|THE FORBIDDEN ROOM (2000), BY RICHARD STENHOUSE|
ACQUIRED FROM JERALD MELBERG GALLERY, CHARLOTTE, NORTH CAROLINA, APRIL 2000
GRAPHITE AND PASTEL ON MYLAR, 17" BY 15 5/8"
When I saw this work at the opening of Richard Stenhouse's House Drama show at Jerald Melberg Gallery, I was immediately attracted to it. The image is deceptively simple: a door with four bright orange stripes painted on it, with a few drops of orange on the tile floor in front of the door. When I saw this work, my thoughts were: Why is the room forbidden, and to whom? Why are there orange stripes on the door, when the rest of the image is devoid of color? Did the drops on the floor drip off of the door, or was something that was dripping carried through the door? What exactly is the orange color? (I know the answers to these questions... Richard told me. I'd love to hear what you think!)
In this work, the architectural precision of the door, the surrounding wall, and the tiled floor are enhanced by Richard's use of pastels to produce an amazingly nice, and realistic, shading effect. At the same time, there is a subtle amount of blurriness created by the pastel process that gives this work an otherworldly, dreamlike appearance. (All of Richard's works share this quality... click here to see more images of his work.)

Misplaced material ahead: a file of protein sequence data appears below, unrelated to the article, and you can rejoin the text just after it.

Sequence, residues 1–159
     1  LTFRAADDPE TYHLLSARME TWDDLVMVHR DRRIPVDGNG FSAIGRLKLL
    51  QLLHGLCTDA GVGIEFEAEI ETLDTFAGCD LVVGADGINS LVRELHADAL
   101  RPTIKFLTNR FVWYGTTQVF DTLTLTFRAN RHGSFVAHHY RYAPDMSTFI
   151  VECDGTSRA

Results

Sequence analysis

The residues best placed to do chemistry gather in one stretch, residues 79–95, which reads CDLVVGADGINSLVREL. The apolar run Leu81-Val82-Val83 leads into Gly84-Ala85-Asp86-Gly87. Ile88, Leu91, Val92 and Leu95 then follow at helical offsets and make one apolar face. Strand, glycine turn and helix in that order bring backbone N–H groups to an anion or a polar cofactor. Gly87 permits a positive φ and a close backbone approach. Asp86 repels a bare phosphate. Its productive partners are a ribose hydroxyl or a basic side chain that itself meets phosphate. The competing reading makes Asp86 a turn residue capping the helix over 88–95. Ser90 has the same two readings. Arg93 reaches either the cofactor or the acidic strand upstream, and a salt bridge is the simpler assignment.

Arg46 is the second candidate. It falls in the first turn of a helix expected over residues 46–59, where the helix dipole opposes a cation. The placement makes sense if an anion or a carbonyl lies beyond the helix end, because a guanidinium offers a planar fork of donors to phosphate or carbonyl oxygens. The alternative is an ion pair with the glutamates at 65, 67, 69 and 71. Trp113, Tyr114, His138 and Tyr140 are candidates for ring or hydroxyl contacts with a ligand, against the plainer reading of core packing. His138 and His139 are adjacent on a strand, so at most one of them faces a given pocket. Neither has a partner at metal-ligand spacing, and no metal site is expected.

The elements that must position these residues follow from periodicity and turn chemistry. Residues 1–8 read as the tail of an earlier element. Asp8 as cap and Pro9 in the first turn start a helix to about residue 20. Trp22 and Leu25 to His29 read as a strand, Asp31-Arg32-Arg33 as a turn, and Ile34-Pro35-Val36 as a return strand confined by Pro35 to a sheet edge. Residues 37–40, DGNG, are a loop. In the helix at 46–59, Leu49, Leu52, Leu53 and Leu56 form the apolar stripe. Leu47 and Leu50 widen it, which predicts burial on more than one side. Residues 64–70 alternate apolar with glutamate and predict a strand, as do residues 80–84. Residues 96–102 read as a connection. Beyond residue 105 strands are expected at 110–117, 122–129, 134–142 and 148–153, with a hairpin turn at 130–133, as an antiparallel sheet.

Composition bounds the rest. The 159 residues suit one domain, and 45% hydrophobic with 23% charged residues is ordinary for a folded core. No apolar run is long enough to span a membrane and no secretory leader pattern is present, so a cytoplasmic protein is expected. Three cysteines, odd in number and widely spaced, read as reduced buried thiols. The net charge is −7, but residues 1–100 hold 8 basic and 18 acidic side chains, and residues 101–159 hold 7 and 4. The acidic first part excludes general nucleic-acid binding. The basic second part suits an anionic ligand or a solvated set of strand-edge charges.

Here's an excerpt from the Charlotte Observer's review of the show:
The perfection of his renderings and the quality of the materials he uses (graphite and pastel on mylar, a smooth, translucent plastic sheet used by architects) also serves to contain emotion. If there are tensions in this house, this lifeand there arethey're minor. They're manageable.Scroll down to see a closeup shot of this work.
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